Military Says Guantanamo Hunger Strike Grows Again

MIAMI (The Miami Herald/MCT) -

The number of hungers strikers has more than doubled since the U.S. military put most prisoners under lockdown at the U.S. Navy base at Guantanamo, the military said Wednesday, reporting that it now classified 92 of the captives as hunger strikers and was force feeding 17 of them.

Two were getting tube feedings at the prison camps hospital, said Army Lt. Col. Samuel House, but neither “currently have any life-threatening conditions.”

Defense lawyers for some detainees insist that about 130 of the 166 captives joined in the hunger strike two months ago, and accused the military of refusing to acknowledge it.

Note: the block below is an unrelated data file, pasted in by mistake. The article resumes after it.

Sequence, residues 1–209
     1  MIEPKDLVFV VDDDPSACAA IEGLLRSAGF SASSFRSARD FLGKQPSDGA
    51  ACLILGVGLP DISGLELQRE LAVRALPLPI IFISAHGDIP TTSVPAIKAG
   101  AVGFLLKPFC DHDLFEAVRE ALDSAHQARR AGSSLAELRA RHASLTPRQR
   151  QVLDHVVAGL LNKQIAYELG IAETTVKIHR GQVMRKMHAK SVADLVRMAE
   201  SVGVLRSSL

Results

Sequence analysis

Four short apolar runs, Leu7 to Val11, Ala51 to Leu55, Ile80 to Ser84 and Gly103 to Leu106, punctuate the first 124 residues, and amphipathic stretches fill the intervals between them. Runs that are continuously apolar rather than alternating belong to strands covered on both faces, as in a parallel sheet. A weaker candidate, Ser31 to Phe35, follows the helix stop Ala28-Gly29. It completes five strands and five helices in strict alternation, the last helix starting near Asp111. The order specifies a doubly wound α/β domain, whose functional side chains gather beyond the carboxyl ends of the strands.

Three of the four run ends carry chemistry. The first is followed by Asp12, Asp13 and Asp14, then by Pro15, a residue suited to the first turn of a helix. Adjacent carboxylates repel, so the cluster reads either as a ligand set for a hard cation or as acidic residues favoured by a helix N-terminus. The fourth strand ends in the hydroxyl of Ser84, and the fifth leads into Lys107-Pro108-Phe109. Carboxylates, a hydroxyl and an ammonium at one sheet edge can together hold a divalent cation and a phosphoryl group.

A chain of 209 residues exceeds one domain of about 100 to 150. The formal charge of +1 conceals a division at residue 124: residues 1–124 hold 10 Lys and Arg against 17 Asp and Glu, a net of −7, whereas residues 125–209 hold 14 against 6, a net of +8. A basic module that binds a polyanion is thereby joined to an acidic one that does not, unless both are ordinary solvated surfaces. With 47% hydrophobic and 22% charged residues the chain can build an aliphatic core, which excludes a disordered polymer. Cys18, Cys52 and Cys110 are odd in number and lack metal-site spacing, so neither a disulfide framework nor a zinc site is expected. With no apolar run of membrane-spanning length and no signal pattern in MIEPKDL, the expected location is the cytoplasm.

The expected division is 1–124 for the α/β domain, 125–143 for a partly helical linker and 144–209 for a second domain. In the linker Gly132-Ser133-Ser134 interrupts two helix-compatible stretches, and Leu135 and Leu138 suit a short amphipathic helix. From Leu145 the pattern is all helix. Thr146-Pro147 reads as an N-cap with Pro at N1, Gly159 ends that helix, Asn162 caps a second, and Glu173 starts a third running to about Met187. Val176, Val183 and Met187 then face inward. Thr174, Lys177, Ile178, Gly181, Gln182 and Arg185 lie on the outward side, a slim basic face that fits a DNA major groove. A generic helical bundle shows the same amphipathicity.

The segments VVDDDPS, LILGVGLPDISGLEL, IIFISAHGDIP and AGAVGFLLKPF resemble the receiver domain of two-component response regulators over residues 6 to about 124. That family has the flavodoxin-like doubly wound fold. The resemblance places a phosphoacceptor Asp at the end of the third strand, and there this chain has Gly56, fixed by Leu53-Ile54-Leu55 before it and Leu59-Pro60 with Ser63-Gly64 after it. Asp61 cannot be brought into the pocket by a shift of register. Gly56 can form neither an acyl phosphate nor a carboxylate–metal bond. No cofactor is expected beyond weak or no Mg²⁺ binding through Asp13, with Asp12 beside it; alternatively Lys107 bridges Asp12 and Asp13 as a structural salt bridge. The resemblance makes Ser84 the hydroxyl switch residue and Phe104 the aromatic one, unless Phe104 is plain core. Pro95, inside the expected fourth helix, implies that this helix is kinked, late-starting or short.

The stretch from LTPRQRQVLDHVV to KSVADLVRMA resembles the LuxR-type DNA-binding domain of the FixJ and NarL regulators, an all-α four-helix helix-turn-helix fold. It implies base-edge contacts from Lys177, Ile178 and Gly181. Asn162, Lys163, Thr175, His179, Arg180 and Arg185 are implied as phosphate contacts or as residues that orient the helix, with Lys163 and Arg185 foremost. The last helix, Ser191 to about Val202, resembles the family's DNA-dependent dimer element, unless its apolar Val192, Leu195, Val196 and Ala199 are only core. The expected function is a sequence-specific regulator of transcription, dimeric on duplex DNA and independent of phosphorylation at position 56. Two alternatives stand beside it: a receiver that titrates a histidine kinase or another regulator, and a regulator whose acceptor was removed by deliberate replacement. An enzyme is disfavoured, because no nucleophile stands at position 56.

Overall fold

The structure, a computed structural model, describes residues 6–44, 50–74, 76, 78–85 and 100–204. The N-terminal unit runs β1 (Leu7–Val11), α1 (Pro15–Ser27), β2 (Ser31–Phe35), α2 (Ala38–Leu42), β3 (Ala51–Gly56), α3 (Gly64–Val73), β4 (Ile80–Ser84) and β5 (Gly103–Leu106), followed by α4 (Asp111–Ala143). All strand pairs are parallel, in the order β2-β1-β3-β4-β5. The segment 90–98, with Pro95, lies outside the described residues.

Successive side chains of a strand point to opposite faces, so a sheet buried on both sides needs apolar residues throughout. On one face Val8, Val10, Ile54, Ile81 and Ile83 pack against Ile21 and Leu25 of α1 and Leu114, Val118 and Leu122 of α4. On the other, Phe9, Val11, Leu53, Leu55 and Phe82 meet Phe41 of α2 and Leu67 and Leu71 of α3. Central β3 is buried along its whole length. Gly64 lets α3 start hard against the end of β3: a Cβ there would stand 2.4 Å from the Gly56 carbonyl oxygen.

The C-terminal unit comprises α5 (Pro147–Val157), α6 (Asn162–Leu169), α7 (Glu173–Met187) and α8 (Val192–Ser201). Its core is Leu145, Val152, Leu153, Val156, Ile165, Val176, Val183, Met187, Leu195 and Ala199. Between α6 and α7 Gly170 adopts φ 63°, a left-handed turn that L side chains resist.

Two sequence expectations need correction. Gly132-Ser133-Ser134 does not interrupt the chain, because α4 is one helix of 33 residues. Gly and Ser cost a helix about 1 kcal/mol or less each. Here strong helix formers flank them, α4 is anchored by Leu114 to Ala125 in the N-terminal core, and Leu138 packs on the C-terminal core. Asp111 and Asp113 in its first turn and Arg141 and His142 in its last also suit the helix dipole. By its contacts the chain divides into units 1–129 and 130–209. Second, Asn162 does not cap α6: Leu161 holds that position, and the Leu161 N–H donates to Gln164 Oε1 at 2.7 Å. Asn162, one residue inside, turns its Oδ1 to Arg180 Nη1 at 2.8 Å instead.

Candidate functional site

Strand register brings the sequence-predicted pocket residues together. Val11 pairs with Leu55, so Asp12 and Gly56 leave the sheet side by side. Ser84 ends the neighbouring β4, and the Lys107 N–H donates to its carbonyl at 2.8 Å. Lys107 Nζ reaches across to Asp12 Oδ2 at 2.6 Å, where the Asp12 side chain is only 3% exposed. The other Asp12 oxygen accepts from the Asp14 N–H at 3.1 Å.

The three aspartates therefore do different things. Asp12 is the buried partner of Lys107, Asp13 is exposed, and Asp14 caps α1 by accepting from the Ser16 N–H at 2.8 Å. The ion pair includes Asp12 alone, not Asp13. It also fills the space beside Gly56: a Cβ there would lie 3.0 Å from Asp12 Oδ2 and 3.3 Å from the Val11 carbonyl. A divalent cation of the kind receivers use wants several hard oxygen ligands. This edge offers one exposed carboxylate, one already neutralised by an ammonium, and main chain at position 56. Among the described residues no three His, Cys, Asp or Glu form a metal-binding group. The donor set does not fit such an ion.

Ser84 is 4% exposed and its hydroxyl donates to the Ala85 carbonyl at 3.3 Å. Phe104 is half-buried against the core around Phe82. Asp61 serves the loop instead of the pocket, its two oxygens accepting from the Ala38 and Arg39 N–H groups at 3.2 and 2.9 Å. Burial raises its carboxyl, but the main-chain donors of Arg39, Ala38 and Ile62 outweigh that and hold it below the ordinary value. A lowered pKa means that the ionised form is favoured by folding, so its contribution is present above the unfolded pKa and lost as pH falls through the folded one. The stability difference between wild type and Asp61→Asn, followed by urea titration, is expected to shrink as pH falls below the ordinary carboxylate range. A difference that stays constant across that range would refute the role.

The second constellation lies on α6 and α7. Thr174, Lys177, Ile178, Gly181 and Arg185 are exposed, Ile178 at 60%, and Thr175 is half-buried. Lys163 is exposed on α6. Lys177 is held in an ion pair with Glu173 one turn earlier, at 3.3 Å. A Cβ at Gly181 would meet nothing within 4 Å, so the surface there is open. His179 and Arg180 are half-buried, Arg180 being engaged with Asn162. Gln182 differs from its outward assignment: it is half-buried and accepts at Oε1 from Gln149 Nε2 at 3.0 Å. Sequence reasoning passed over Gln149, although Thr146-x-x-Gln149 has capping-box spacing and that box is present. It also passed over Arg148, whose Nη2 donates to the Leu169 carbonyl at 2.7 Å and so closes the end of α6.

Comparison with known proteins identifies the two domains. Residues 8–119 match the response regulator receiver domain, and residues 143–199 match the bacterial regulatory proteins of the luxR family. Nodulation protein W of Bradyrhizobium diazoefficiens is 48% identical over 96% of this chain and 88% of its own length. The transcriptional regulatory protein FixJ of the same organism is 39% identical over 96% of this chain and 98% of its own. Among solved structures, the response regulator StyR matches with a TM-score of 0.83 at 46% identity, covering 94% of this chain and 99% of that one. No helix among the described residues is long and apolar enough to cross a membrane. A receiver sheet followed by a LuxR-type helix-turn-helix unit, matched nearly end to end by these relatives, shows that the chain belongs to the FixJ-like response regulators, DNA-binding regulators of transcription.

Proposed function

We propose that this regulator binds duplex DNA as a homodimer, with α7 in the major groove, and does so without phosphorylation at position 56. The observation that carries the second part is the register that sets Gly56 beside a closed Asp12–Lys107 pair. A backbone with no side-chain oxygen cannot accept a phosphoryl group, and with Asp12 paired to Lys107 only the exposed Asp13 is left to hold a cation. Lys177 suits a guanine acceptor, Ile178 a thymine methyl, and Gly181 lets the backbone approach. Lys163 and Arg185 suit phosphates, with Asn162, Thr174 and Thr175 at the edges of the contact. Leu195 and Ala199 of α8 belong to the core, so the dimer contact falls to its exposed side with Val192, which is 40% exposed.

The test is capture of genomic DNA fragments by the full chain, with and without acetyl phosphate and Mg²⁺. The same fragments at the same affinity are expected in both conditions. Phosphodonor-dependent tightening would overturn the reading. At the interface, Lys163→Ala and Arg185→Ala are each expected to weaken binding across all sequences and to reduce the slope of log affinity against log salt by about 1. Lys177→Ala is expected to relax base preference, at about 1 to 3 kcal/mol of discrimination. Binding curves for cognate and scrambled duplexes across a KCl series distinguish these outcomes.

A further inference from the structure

House, acting prison camps spokesman, released the figures in a short email from the prison that noted the medical forces’ tally jumped from 84 captives on hunger strike Monday.

House said two captives hospitalized a day earlier were returned to their cells, and not sent to other lockups at the sprawling prison camps compound, which has a psychiatric unit.

The military reported the hunger strike figure at 43 before soldiers stormed inside Guantanamo showcase communal prison April 13 and put nearly every captive at the prison camps complex under lockdown.